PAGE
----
How We Can Cultivate Resilience

Nov 5, 2020

How do we define resilience? To most, it’s the ability to get back up again after taking a fall. Fighting back after an unexpected hit. No matter the situation, resilience means facing hardship without losing face, and being courageous enough to take on change, especially unexpected change while still allowing yourself to be vulnerable. After all, what is vulnerability if not courage?

Depending on your history, resilience may be a version of everything I mentioned above. However you define it for yourself, resilience is an incredible quality sought out by adults and youth alike. Many parents look for this attribute in their kids, educators in their students, employers in their employees, and coaches in their team players.

Popular culture may have made many of us believe that positive thinking alone is all we need to change and adapt to tough challenges.

Recently, I began thinking about how one becomes resilient. Is it innate, or something that can be nurtured? And does changing our thinking patterns help?

I Still Love You

Recently, I read the book I Still Love You, written by the well-known resilience researcher Dr. Michael Unger, a Canadian family therapist. While I was reading, I began to appreciate the hope there is for all preteens and teens, no matter what their background, to live fulfilled lives with resilience as long as they’re given the right support.

With thoughtful prose and plenty of research-backed knowledge, Dr. Unger explained that the secret to thriving in hard situations isn’t just inside us. Instead, we need people and opportunities that will give us what we need to thrive. He believes that we can’t be expected to survive on our own, even with the help of positive mantras and other platitudes that people turn to in hard times. The idea that this is possible is a myth, something we say to our collective conscience to avoid the truth.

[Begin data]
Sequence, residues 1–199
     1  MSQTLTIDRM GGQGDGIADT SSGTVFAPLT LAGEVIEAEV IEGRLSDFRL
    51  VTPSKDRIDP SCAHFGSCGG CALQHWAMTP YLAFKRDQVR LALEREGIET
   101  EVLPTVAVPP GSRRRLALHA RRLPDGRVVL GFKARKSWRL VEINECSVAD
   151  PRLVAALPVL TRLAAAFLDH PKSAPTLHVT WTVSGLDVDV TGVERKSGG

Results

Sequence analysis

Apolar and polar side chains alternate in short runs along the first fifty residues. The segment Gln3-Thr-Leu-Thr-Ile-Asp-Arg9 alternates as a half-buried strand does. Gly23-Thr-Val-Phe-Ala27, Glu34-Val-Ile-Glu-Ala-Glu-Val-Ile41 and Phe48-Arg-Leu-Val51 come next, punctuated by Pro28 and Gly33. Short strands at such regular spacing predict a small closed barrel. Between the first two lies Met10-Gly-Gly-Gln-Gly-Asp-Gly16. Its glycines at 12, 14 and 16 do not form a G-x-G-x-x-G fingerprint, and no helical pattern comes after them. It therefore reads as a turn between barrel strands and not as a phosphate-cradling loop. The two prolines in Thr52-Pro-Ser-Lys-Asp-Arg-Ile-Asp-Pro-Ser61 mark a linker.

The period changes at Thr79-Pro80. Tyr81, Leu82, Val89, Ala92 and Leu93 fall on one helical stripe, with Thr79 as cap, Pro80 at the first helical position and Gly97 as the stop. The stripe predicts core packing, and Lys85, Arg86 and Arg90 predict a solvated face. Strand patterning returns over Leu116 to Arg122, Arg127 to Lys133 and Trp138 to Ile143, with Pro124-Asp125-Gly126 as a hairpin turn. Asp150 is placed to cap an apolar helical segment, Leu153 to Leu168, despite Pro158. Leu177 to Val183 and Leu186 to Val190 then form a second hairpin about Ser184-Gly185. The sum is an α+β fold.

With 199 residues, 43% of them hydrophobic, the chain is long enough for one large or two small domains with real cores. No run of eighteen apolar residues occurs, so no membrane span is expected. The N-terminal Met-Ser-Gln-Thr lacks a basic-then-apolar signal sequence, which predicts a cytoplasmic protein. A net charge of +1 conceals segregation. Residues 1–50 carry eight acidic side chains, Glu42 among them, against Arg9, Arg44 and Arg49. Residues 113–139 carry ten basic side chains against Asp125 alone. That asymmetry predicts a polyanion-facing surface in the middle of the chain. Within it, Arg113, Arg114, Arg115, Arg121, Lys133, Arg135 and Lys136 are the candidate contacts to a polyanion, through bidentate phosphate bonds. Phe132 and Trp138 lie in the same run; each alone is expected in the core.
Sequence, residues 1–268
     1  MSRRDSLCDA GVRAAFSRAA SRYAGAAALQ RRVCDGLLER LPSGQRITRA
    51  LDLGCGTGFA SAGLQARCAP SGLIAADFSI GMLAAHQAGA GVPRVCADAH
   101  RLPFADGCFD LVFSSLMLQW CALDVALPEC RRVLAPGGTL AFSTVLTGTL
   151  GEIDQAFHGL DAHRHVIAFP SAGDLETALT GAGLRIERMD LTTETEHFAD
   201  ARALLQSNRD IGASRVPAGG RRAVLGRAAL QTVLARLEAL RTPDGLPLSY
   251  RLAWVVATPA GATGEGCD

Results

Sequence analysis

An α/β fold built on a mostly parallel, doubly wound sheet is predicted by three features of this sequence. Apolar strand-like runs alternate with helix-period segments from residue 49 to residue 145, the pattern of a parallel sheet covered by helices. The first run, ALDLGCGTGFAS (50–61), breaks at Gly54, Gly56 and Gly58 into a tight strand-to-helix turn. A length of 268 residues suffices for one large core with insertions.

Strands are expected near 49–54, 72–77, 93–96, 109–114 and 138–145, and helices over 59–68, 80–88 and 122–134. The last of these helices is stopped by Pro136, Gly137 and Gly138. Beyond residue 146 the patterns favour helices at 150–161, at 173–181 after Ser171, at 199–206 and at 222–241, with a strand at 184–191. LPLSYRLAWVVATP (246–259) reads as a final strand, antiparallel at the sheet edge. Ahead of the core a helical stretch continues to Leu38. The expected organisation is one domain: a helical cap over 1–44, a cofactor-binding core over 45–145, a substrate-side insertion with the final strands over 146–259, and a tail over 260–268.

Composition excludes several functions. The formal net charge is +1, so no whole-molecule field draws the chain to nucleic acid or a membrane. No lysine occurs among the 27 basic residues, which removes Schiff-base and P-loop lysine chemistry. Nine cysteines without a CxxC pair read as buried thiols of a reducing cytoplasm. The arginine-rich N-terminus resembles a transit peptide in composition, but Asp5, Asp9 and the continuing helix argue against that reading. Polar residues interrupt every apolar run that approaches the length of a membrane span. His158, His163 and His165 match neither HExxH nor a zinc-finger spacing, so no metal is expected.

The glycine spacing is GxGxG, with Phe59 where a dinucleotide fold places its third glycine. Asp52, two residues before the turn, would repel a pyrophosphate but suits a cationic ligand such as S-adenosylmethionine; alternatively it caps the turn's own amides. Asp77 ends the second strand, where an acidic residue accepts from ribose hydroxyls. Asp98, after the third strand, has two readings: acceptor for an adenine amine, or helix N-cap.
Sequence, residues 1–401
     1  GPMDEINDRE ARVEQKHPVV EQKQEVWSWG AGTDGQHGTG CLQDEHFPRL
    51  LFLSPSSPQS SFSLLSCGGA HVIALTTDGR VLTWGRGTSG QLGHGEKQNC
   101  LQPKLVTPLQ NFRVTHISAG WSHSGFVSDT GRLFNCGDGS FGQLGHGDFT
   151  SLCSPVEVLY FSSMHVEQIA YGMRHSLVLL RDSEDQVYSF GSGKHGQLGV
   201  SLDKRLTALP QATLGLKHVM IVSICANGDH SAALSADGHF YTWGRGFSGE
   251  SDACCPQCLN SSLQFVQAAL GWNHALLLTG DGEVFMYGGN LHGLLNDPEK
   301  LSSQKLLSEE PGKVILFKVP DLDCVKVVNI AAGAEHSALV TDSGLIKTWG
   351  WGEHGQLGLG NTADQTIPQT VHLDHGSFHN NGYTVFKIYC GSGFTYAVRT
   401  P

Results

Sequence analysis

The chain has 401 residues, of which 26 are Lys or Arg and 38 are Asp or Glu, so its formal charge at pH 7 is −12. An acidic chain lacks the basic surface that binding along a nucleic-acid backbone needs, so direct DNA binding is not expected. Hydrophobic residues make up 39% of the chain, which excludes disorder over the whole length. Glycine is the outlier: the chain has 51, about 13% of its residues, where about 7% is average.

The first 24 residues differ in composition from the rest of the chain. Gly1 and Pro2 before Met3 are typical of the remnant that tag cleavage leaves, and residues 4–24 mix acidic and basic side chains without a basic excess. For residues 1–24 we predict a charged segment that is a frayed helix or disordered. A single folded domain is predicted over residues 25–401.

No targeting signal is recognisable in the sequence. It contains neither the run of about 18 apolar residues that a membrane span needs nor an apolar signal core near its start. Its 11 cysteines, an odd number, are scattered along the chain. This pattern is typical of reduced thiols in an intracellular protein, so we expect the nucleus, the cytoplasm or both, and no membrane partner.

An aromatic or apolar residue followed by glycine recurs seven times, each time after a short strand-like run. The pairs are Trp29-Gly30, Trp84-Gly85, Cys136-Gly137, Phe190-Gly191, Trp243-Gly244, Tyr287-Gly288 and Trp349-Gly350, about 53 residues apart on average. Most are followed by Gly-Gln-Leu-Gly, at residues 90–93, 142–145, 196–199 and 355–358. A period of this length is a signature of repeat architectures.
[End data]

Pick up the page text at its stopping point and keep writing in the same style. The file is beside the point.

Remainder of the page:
According to his theory, children are like seeds of a sunflower. If planted in fertile ground that is protected from irritants, they grow despite themselves. Cared for with love and attention, they can grow tall and sturdy, their faces pointed towards the bright light of a supportive nurturing parent, teacher, or friend.

Building Resilient Children

However, being problem-free does not make an ideal or interesting life. Nor is it reality. Being able to navigate problems despite the emotional and physical scars we carry is a sign of resilience.

According to Dr Unger, if we are to build resilient children who flourish in a complex, ever-changing world of new pressures, they need the following nine things:

  1. Structure
  2. Consequences
  3. Parent-child connections
  4. Lots and lots of relationships
  5. A powerful identity
  6. A sense of control
  7. A sense of belonging, spirituality, and life purpose
  8. Rights and responsibilities
  9. Safety and support

The truth is that not all families provide the key elements of nurturing resilience. This is due to a myriad of reasons, the most overarching being that society is neither fair nor just.

However, when children cannot get what they need from their families due to their circumstances then educators, mentors, and/or society at large should and must take a greater responsibility to provide the essential ingredients to instil resilience in our children.

This lends itself even more to the idea of building an interconnected community, and working together as a team to build our girls up to have the superpowers they need to succeed. A great way to build these types of community connections is by seeking support in the form of mentorship or guidance, to help equip our girls with the skills they require to continue shining brightly even in the darkest of days.

The clarity and simplicity of Dr Ungar’s principles are enlightening, but the task he’s suggesting is a tough ask. All the more reason for us to take a closer look at our own habits, so we don’t let the next generation down. Even the smallest of steps in this direction can have the most transformative effect on our youth.